“inter‐cartel violence tends to swing upward after U.S. or Mexican authorities manage to weaken or disrupt a given organization. At any point, if rival groups sense an organization might not be able to defend its turf, they will swoop in to battle not only the incumbent group, but also each other for control.”
The turf battles have been ferocious. In 2005, slightly more than one thousand three hundred people perished in drug‐related violence. By 2007, the yearly total had soared to 2,673. And it continues to get worse. By mid‐August 2008, the carnage for that year already exceeded the number of fatalities in all of 2007. The State Department warned American travelers in May 2008 that battles between drug‐trafficking gangs (and between those gangs and Mexican military and police) in portions of northern Mexico were so severe that they constituted “small unit combat operations.” Those battles included the use of machine guns and rocket‐propelled grenades.
In addition to the extensive violence reminiscent of Colombia in the 1980s and 1990s, another Colombian pattern also is emerging in Mexico‐the diversification of the drug gangs into kidnapping and other lucrative sources of revenue. Some reports suggest that the kidnapping problem in Mexico is now more severe than it is in Colombia, and even U.S. citizens have been victims.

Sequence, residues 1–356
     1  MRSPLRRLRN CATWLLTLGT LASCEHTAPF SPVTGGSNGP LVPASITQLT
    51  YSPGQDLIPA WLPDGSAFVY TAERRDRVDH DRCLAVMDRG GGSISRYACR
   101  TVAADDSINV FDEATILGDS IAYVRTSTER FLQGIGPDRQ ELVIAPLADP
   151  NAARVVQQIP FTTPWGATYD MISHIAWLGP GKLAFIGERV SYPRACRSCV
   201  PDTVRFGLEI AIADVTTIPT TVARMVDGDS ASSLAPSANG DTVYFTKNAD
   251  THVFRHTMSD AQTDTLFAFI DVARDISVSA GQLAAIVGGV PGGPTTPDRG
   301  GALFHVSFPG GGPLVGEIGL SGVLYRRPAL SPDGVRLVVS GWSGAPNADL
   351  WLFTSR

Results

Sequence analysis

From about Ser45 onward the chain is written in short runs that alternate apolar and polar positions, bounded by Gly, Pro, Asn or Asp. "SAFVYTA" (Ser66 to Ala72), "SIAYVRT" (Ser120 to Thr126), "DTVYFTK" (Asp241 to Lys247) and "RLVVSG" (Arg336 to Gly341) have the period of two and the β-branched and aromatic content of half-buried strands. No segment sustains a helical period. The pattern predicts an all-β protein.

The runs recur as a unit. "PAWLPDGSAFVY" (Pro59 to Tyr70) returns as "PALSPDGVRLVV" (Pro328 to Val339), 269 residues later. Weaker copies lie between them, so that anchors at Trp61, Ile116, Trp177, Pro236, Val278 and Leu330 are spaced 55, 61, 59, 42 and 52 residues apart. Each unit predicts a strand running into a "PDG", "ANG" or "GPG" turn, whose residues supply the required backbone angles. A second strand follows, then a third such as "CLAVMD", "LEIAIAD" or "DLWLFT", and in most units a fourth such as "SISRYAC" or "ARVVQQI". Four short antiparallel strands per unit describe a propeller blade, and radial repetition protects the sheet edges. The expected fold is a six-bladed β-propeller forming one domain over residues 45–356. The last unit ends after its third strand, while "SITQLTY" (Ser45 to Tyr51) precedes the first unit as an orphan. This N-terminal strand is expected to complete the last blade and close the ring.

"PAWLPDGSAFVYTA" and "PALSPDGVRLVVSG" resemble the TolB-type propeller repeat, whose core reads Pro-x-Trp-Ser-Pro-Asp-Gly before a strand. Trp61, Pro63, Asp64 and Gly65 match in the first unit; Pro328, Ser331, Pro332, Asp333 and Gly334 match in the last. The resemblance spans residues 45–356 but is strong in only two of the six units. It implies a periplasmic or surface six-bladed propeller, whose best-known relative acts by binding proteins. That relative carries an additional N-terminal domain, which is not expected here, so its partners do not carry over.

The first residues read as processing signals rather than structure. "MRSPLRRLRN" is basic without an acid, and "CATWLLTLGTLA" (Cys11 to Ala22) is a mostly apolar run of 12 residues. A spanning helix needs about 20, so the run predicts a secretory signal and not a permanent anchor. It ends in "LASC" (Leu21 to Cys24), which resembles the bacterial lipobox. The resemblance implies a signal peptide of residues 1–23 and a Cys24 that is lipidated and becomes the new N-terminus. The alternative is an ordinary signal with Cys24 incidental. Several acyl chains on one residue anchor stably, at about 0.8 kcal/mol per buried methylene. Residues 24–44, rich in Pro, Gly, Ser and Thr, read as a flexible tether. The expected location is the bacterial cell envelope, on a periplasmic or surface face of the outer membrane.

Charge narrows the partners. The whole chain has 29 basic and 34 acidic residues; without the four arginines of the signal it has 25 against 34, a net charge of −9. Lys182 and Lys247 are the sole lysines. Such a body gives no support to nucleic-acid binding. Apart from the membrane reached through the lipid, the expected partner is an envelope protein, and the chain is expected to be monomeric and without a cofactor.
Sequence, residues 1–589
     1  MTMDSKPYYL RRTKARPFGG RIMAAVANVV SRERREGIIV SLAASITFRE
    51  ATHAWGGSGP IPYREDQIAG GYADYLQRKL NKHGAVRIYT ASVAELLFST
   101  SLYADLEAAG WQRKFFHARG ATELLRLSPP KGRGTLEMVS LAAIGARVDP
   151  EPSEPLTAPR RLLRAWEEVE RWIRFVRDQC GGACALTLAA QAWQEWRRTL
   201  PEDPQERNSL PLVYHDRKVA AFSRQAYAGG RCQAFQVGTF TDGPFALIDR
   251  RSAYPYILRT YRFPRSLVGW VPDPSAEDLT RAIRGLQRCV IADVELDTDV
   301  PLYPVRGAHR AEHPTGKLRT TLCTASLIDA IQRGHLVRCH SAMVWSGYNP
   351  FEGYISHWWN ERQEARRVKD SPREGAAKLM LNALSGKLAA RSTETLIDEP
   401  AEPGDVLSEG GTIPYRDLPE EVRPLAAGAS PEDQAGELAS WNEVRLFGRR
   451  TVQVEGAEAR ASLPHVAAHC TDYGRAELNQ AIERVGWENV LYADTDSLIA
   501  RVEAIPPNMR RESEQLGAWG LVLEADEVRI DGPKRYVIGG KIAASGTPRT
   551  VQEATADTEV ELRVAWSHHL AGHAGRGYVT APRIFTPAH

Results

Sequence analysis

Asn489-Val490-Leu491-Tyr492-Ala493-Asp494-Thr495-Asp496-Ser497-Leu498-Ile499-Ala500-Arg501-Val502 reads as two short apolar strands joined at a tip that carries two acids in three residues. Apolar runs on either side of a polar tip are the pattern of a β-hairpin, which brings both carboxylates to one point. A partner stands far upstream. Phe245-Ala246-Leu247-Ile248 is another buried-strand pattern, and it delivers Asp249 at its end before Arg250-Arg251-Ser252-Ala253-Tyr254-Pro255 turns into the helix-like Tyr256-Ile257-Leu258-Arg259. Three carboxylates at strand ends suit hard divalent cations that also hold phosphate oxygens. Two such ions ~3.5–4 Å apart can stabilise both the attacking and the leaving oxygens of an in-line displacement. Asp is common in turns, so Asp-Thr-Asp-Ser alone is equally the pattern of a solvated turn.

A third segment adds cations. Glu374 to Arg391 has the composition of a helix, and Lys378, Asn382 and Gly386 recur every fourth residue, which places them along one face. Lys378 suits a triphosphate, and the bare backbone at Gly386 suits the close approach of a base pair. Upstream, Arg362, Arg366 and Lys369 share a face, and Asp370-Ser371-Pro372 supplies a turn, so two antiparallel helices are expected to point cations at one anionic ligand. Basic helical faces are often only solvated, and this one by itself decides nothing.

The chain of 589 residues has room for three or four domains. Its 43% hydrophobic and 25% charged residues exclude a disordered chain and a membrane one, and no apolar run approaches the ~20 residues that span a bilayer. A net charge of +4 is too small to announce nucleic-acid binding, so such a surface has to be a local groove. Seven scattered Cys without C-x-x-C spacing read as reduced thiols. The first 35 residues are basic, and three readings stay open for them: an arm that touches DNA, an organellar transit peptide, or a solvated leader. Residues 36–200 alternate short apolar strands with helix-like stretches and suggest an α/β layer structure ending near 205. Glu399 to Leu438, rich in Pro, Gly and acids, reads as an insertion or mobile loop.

U.S. officials concede that the drug‐related violence in Mexico does not respect borders. According to John Walters, the director of the White House’s Office of National Drug Control Policy, “The killing of rival traffickers is already spilling across the border. Witnesses are being killed. We do not think the border is a shield.” A Dallas narcotics officer reaches a similar conclusion. “We’re seeing an alarming number of incidents involving the same type of violence that’s become all too common in Mexico, right here in Dallas. We’re seeing execution‐style murders, burned bodies, and outright mayhem … It’s like the battles being waged in Mexico for turf have reached Dallas.”
U.S. law enforcement officials along the border are increasingly the targets of violence. A Homeland Security Committee report notes that at one time, smugglers “would drop the drugs or abandon their vehicles when confronted by U.S. law enforcement.” That is no longer the case. “In today’s climate, U.S. Border Patrol agents are fired upon from across the river and troopers and sheriff’s deputies are subject to attacks with automatic weapons while the cartels retrieve their contraband.” Some of the attacks have come from Mexicans wearing military uniforms. It is not certain whether they are smugglers with stolen uniforms or if rogue elements of the Mexican military are attacking U.S. law enforcement personnel on behalf of traffickers.